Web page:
There are many important points that I would be happy to debate about the police covenant and giving our police officers—the frontline men and women who keep us safe day in, day out—the protection that they and their family members deserve. The hon. Gentleman is right about the sentencing structure and guidance, but we have had support from the Crown Prosecution Service regarding the assaults that I have referred to, particularly over the last few months in relation to coronavirus, when we have seen spitting and assaults on officers.
This Bill is a criminal justice Bill as much as a policing Bill. It is an end-to-end Bill to ensure that the sentence fits the assault and the crime. The Bill will double the maximum penalty for assaults on emergency workers from 12 months’ to two years’ imprisonment, recognising that our officers and emergency workers should rightly be protected. Having spent much time with those on the frontline and seen the impact and the sheer volume of these incidents, I think it is right that we have that provision in this Bill.
The Government fully recognise the professionalism and skills of our highly trained police officers, and that includes the specialism of police drivers. Too often, they are driving in high-pressure situations pursuing suspects on the road while responding urgently to incidents. Through this Bill, we will introduce a new test to assess a police officer’s standard of driving. Should an officer be involved in a road traffic incident, this new test will allow the courts to judge their standard of driving against that of a competent and careful police constable with the same level of training, rather than that of a member of the public, which is how it stands at present.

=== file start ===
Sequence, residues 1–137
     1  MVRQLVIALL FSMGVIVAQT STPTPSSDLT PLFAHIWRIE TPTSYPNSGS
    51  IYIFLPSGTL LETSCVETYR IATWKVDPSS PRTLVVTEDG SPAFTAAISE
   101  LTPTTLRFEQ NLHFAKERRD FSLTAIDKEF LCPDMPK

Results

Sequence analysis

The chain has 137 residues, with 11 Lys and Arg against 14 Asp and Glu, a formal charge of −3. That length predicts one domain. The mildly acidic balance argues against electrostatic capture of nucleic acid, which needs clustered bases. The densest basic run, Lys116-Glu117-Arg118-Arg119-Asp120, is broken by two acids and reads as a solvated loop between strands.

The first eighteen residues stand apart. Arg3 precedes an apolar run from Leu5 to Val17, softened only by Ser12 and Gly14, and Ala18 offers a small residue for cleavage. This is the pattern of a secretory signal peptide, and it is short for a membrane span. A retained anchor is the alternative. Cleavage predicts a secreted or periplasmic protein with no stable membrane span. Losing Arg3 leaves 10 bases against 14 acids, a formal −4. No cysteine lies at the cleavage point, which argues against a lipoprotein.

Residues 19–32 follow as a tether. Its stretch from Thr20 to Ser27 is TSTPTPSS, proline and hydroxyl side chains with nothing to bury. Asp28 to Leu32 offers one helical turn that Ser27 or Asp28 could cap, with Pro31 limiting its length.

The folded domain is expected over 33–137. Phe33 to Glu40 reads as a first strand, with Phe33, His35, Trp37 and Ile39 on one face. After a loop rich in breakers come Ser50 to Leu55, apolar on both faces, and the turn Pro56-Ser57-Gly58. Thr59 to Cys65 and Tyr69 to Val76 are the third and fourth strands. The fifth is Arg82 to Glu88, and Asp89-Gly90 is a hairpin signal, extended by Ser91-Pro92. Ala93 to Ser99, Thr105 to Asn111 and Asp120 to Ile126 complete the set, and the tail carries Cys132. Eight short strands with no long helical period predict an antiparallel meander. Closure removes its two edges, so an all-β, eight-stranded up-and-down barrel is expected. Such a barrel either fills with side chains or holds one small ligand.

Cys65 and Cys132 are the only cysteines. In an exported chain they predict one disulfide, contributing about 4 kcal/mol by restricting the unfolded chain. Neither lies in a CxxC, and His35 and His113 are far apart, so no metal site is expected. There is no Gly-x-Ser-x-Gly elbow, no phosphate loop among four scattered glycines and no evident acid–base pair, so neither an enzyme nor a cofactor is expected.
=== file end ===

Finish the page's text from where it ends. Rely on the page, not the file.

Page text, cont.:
The Government back the police and will never allow those with an extreme political agenda, such as those calling for the defunding or abolition of the police, to weaken our resolve when it comes to protecting the police. We back the police and will do everything we possibly can to make our community safer.
I have heard the call of the British public for safer communities, and that means cracking down on violent crime, which has a corrosive impact on towns and cities across the country. That includes gangs peddling drugs, as a result of which law-abiding citizens live in fear and, tragically, teenage children are stabbed to death. This senseless violence has absolutely no place in our society.